Taking part - A researcher's view of the Big Bang Fair
23 March 2018
I really like to participate in outreach programmes. It is a unique chance to master a short explanation of a complex scientific idea and present it to the public and a useful skill for both social and professional occasions.
On a sunny Friday in March I went to the Big Bang Fair at the Birmingham National Exhibition Centre. It was a large event where many different companies presented their work. The stalls were ranging from one-to-one chats all the way to stage performances. The objects brought to the fair were as small as live insects and as large as a jet fighter (probably a full-scale model). Our goal was to promote our scientific research to inspire tomorrow’s students and to excite adult audiences who are, in the end, our main benefactors. I was working on Friday when groups of school pupils were the main attendees of the fair. However, on the weekend families with children took over the place.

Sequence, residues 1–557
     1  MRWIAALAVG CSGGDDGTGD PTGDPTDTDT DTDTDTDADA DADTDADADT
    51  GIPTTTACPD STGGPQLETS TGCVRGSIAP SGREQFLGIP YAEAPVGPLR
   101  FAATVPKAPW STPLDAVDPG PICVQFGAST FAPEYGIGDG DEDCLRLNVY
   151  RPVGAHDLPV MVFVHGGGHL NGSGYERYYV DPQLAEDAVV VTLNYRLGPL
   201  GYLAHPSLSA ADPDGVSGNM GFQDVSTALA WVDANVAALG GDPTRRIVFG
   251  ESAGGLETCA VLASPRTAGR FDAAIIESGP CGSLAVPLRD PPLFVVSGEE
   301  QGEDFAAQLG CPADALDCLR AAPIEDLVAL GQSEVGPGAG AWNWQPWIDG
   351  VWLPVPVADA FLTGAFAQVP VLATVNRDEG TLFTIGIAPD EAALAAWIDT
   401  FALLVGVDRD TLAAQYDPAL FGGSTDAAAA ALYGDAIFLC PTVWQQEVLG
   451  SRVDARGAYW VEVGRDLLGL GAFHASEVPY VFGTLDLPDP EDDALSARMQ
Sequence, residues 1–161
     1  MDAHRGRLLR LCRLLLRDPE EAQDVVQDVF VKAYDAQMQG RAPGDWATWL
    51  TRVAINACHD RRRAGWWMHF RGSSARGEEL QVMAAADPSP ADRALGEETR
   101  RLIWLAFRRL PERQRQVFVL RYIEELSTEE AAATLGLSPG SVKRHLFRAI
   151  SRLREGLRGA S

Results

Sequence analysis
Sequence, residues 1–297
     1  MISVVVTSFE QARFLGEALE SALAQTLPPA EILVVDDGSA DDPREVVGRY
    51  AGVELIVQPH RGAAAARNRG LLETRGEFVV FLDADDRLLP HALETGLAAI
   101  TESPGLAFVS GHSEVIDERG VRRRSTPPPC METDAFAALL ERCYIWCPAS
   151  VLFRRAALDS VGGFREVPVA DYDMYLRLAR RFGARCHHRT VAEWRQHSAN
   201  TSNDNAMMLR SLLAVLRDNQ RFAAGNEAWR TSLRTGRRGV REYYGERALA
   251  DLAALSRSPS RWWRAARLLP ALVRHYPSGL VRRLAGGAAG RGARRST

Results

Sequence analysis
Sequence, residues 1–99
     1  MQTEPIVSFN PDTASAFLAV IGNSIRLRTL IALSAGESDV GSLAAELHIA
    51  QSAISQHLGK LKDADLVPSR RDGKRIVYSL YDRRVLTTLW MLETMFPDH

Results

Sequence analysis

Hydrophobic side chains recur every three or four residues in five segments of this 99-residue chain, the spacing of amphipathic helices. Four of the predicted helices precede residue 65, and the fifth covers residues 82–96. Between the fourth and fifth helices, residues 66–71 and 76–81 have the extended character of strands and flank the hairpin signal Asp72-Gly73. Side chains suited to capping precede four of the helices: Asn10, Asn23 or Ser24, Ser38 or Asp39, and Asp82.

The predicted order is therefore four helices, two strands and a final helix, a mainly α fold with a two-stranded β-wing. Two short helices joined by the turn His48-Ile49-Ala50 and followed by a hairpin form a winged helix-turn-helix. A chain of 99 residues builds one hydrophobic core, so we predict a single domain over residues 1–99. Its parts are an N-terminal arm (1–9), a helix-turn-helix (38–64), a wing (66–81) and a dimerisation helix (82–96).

I was given a series of X-ray scans of a computer mouse ‘tumour’ and tasked to explain how radiotherapy works, combining medical aspects of cancer, the physics of X-ray imaging and the biology of radiation treatment. The idea of cancer radiation treatment may be not so complex for a scientist and it is very simple to talk to a grown-up person, but explaining radiotherapy to a child is a very different story. In the beginning, it might seem like an impossible task, but after repeating the speech over and over again, it became more and more understandable and compelling.
The key aspect of explaining something quite so complex to a child is to keep his or her attention. After I got fully acquainted with the materials I started mastering the attention-holding technique. The goal is to spot signs of distraction and quickly create an alternative one, by asking the child a simple question about something he or she is very familiar with, such as a favourite kind of chocolate – conveniently we had a range of X-ray images of various chocolate bars. Matching up the scans with examples of the chocolate kept their attention nicely.
It was a very long and very tiring day but at the same time full of positive energy and inspiration received from communication with people. To participate in such events on a daily basis would a demanding job, but on a rare occasion, is a real joy.